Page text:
Harvest Bible Chapel Announces That Entire Executive Committee of Elders Will Resign

Harvest Bible Chapel in Rolling Meadows, Ill. Photo courtesy of Google Maps

Harvest Bible Chapel, an embattled Chicago-area megachurch, announced this past weekend that the executive committee of its elders will resign.

The resignations, which will take place over several months, came days after church elders fired James MacDonald, Harvest’s founding pastor.

In a statement, the elders said they’d failed in their duty to properly oversee MacDonald, who was terminated for what they called “a sinful pattern of inappropriate language, anger and domineering behavior.”

“We acknowledge failures in direction, discipline and response time. We, as the larger elder board, have made mistakes, and we own these,” they said in the statement, which was read during church services and posted later on the church’s website.

The elder resignations are one of several changes that will take place in the weeks to come at Harvest Bible Chapel.

Calling it “one of the most difficult weeks in the history of our church,” executive committee member Bill Sterling said in the statement that the church also will make changes to “both the composition and structure” of its elder board. That board currently is composed of more than 30 men, he said, which has “made it difficult to make decisions during times of adversity.”

Senior Associate Pastor Rick Donald
preaches at Harvest Bible Chapel in
Rolling Meadows, Ill., on Feb. 16,
2019. Photo courtesy of Harvest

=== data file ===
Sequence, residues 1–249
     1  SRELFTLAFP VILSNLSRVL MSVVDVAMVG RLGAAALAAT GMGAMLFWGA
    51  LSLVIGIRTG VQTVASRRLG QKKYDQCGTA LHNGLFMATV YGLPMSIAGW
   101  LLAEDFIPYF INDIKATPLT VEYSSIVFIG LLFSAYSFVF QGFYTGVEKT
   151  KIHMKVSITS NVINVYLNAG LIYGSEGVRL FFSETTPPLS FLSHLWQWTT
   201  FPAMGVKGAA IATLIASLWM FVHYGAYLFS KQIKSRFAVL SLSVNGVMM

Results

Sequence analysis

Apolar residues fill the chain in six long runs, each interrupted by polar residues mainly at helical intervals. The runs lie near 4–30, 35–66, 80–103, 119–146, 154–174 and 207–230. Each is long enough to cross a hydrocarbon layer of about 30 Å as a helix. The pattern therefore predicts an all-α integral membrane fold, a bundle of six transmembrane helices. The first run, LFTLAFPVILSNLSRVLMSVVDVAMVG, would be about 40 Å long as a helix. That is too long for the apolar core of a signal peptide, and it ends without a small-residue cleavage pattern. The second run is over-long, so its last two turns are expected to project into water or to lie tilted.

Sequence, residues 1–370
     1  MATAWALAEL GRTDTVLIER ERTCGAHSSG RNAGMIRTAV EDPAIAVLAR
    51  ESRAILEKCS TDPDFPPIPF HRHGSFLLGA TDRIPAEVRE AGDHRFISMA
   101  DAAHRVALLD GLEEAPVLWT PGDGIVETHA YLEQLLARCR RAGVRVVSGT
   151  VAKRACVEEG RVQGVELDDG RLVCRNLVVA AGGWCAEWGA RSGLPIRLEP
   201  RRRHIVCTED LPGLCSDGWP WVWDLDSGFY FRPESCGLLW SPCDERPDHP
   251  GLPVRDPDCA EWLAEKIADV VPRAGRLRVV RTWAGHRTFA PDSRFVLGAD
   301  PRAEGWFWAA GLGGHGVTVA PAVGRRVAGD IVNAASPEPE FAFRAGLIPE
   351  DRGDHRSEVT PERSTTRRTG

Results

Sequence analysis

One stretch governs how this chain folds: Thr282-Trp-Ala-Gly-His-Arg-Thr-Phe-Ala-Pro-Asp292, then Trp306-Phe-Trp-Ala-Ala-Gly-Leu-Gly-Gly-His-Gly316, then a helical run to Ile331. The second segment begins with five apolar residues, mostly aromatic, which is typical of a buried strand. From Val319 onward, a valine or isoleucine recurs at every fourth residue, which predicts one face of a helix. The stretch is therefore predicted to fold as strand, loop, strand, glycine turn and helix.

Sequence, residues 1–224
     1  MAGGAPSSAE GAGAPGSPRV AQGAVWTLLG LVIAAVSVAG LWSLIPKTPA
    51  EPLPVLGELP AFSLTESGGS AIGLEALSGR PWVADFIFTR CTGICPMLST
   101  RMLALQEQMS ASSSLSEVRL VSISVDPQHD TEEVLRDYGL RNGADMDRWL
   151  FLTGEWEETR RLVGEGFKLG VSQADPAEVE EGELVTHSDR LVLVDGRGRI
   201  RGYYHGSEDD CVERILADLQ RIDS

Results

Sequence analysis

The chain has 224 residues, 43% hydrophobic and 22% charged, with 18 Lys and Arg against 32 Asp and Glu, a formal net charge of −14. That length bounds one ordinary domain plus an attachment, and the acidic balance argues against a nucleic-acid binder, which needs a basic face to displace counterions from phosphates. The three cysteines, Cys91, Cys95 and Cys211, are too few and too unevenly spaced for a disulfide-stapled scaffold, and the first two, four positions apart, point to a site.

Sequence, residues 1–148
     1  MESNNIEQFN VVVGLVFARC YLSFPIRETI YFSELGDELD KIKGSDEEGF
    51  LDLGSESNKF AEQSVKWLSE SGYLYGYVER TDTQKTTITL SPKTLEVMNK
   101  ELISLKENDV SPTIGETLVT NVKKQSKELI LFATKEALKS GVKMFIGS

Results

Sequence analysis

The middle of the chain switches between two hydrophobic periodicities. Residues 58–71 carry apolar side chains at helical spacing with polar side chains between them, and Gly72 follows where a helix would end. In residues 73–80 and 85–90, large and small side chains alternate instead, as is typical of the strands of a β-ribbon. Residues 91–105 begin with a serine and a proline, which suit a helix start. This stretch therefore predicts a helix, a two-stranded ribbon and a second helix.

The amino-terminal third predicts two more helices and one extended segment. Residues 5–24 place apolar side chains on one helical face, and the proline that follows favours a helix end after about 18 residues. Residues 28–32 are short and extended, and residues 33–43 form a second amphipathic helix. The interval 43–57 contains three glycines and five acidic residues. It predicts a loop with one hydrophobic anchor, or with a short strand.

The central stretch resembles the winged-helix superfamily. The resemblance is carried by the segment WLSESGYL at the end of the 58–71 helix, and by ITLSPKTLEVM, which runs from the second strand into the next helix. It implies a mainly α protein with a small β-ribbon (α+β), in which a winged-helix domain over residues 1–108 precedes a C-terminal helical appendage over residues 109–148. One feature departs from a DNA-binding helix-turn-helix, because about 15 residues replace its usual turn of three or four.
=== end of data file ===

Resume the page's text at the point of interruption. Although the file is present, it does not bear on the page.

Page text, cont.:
Bible Chapel

And the church will make changes to its campuses, abandoning plans to launch a new campus in suburban Hinsdale and returning its Naples campus to the elders and staff of that church.

Earlier this year, Harvest had fired Pastor John Secrest, who founded the Naples church. Secrest had objected to plans that allowed McDonald to preach at the Naples church while on an “indefinite sabbatical” from preaching and leadership in Chicago.

That sabbatical came after years of controversy over MacDonald’s leadership style and the church’s finances. The controversy flared up after Harvest sued two bloggers who had been critical of the church, along with a freelance writer who was investigating the church.

Harvest later dropped the lawsuit. But the controversy remained, and the church’s elders dismissed MacDonald after a local radio host played recordings of crude comments purportedly made by the pastor about his critics.

Fallout continued Tuesday (Feb. 19), as Moody Publishers, which has published most of MacDonald’s books, said those titles no longer are available for sale through the publisher. It will accept returns for credit through May 31.

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Source: Religion News Service